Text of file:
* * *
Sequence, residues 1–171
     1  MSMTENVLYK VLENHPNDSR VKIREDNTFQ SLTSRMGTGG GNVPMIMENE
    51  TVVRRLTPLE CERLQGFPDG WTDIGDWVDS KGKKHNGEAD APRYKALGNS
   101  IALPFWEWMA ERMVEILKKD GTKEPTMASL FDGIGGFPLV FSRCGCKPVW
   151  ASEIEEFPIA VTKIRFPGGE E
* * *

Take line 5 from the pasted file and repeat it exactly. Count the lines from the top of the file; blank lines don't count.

   151  ASEIEEFPIA VTKIRFPGGE E